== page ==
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South Centers

College of Food, Agricultural, and Environmental Sciences


Ohio Fish & Shrimp Festival

Sep 7, 2013, 10:00am - 7:00pm

OSU South Centers will host the fourth annual Ohio Fish & Shrimp Festival. And for the first time, the will invite the 10,000 to 12,000 expected participants to its facility for the celebration. A free event, the festival coincides with the fall harvest of Ohio-raised fish and giant freshwater shrimp. Other fish farmers and shrimp farmers are also invited.

Vendors will feed the masses with Ohio-raised fish and shrimp, and seafood lovers can push their limits in the shrimp peeling and eating contest. Monster shrimp and koi displays and a bluegrass music festival offer entertainment to adults, and kids can opt for the frog jumping contest, crawfish races, water games or the sand castle play zone. A trout feeding frenzy and crowning of the shrimp prince and princess will round out the day.

We encourage visitors to plunge right in at their sturgeon petting zoo or feed rainbow trout by hand during the festival or as part of tours offered throughout the year. The facility also maintains largemouth bass, yellow perch, bluegill, channel catfish, fathead minnows, golden shiners, white amur, koi and fantail goldfish at its location.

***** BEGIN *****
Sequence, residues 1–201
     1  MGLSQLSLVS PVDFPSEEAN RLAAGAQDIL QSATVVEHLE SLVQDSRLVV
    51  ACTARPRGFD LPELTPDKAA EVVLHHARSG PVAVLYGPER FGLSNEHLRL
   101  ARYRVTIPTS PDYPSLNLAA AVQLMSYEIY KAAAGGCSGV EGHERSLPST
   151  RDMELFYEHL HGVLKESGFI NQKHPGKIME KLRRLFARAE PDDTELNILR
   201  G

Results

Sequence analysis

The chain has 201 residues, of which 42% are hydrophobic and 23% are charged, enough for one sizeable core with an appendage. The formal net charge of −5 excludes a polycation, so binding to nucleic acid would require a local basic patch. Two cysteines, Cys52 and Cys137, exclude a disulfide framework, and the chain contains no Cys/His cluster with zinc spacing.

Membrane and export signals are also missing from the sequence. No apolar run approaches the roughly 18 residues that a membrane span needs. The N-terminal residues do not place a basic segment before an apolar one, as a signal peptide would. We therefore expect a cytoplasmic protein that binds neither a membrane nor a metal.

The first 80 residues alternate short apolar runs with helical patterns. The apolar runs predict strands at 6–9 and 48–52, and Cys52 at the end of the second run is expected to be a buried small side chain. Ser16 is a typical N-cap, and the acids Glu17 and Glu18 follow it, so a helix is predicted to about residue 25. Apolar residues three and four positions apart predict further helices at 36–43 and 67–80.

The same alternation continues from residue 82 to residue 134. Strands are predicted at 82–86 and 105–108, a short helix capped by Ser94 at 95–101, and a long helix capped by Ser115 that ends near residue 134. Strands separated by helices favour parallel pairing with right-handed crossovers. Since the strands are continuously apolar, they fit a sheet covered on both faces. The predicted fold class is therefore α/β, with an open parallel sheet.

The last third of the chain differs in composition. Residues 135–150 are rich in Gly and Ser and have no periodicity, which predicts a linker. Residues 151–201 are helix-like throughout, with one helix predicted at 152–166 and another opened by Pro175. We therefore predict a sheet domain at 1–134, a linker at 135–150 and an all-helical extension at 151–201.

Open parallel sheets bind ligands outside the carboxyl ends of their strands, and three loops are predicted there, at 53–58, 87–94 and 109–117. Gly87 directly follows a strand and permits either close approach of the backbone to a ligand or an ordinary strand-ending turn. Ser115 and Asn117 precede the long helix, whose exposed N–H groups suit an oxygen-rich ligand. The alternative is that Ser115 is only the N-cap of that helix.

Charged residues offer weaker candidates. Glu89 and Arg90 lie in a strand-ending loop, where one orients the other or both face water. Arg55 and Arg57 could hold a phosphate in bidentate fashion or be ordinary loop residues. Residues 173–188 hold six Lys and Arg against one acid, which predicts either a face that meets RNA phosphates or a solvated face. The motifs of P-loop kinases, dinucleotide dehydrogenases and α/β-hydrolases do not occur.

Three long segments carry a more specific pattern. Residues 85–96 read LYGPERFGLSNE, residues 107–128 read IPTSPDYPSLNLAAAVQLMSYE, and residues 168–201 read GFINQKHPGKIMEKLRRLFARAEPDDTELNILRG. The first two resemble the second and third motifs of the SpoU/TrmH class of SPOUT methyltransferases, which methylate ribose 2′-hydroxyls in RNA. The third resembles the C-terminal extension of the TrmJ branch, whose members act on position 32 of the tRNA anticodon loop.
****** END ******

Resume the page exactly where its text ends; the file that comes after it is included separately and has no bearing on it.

Americans are consuming more fish than ever. The U.S. Economic Research Service said on average, we are eating four pounds more fish per year than we were in the 1970s. Fish offer nutritional benefits -- they are high in protein, low in saturated fat and they contain many other nutrients that are important for proper growth and development, according to the Food and Drug Administration.

With a higher demand, fish farmers are working to meet the supply. According to the Environmental Protection Agency, ocean fish stock is currently fished at or beyond capacity, and the Great Lakes are also threatened from overfishing. Just as livestock farmers raise cattle, hogs, poultry and lambs, fish farmers are raising domestic fish. The premise of animal agriculture is that by raising and breeding food animals domestically, the animals' nutrition, environment and breeding can be better controlled in order to supply consumers with high-quality, consistent food. Domesticated fish are raised and marketed under that principle, too, and fish farmers boast the same bragging rights as livestock farmers - the meat from their fish is higher quality and tastier than wild-caught fish, they say. And why shouldn't it be? Farm fish eat high-protein feed, they are kept in tanks that provide continuously filtered and oxygenated water and their health and well being is closely monitored.